What’s the result after two years?

Canadians are still paying some of the highest rates for cellphone service in the world (see: Rewheel’s “Is Canada the most expensive wireless market in the world?” from April 2021).

What’s likely to happen after the Government’s “price drop” measuring period ends in April 2022? Expect even these limited lower-price flanker plans to disappear from carriers’ offerings. Prices on flagship brands likely will remain high and likely will be heavily marketed with smartphones as part of a payment plan. Lately, these plans have been offered with an optional requirement to return the phone after 2 years in order for the customer to pay a reduced amortization of the phone cost. As a result, if this option is taken, unless the customer pays out a final balloon payment to buy the phone outright at the end of the contract, the customer more likely will trade it in and undertake a new financed smartphone with the same carrier, not take a purchased smartphone to market seeking BYOD rates.

What really needs to be done?

To paraphrase Lenin, “What is to be done [about high cellphone prices in Canada]?” The pat answer is “competition”; more specifically, what other commenters have suggested, is competition delivered by:

1. a forced sale of Shaw’s mobile assets to another wireless carrier as a condition of approval of the Rogers-Shaw deal by the Competition Bureau. But it is hard to anticipate which present competitor in Canada could undertake a nationwide rollout of service as a 4th wireless player; and, doing so as a “pure play” wireless operator would be even more challenging, from a market and regulatory standpoint, and extremely expensive and risky; or

2. entry of mobile virtual network operators (MVNO) into the Canadian market. In simple terms, MVNOs are alternative service providers that buy access to other companies’ network infrastructure and offer services via network software and over other carriers’ spectrum, instead of building physical networks or purchasing spectrum themselves. Unfortunately, last year the CRTC issued a decision that claimed to create an ‘MVNO access regime’ that was nothing of the kind – it effectively excluded non-facilities-based competitors and required carriers who did own some facilities to purchase spectrum, at least eventually. We told the government that this decision is irreconcilable with the aim of reducing wireless pricing in our submission supporting Data On Tap Inc.’s petition to cabinet to reverse this ‘MVNO’ aspect of the CRTC decision.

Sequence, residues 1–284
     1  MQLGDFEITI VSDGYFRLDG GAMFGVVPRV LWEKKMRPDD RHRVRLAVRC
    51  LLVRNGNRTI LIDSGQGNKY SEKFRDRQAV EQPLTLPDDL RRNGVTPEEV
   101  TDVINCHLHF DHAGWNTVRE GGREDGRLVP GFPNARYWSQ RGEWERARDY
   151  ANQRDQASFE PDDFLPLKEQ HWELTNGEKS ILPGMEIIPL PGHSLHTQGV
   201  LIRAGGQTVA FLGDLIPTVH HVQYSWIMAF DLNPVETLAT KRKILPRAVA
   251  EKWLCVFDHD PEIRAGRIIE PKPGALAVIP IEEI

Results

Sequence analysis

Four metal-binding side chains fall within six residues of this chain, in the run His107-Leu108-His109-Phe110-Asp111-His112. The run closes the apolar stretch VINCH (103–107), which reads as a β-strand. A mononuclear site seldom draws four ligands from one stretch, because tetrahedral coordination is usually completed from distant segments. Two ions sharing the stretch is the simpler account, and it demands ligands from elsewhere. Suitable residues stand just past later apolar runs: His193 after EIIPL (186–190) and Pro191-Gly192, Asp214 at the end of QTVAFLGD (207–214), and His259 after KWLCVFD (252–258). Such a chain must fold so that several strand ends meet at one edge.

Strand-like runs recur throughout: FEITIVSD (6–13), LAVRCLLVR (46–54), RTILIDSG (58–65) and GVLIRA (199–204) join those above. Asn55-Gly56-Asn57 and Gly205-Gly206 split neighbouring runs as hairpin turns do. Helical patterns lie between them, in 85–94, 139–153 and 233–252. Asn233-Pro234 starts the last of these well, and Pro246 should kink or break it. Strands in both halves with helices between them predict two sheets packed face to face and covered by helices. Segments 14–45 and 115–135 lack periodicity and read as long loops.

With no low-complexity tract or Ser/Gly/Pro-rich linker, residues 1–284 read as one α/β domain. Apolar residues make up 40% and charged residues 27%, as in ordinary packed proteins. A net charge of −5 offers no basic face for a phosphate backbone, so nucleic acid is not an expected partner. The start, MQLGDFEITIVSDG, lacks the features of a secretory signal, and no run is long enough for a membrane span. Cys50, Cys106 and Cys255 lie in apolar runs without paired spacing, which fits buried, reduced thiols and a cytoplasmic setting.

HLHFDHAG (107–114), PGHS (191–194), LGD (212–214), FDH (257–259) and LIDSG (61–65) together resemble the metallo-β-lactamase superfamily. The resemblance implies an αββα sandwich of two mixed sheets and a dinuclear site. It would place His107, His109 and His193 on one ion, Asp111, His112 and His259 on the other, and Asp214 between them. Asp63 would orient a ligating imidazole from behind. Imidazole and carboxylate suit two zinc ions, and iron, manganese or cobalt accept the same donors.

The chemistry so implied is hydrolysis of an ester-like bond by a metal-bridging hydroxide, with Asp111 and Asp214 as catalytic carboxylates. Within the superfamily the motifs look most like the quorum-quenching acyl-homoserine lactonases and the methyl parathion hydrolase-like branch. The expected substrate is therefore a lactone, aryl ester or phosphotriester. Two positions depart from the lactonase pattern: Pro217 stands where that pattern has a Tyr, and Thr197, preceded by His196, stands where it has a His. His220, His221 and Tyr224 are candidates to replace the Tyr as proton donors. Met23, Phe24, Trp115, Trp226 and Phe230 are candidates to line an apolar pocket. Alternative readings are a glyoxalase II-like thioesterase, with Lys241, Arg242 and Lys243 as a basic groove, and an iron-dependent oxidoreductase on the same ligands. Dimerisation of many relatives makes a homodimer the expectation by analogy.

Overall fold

Neither of these options may happen at all; even if one or both do, based on historical events in the wireless market, Canadian competition law and wireless regulation in Canada, neither is likely to succeed.

Rewheel has recently suggested:

“In order to be effective, remedies must include as a minimum the upfront creation of a new maverick mobile network operator. The creation of a new operator can be realized through the divestment of spectrum and mobile network assets to a domestic or foreign owned interested party, passive site collocation obligations and a time-limited national roaming obligation at competitive data rates. The Canadian Radiotelevision and Telecommunications Commission (CRTC) [actually, ISED manages spectrum, not CRTC] could complement the structural remedy by setting aside 5G spectrum for the new entrant and alleviate the short-term competition concerns by mandating MVNO wholesale access obligations at competitive data rates”.

Maybe, but as noted above, a fourth, independent, quasi-nationwide mobile operator might assist, but would face major regulatory and market challenges and past efforts have failed in Canada.

That said, PIAC agrees with Rewheel’s assessment that “Effective competition in the Canadian wireless market can only be achieved by a set of very significant (bold) structural remedies.”

So, how about thinking more radically? Nationalization of the wireless carriers by the federal government? Structural separation of the backbone operations of the wireless carriers from any retail operations, including their own retail wireless carriers, to which they must sell equally and fairly along with all retail wireless providers? Price regulation of all retail wireless services?

Anything short of these remedies, it seems, will only produce these political shell games.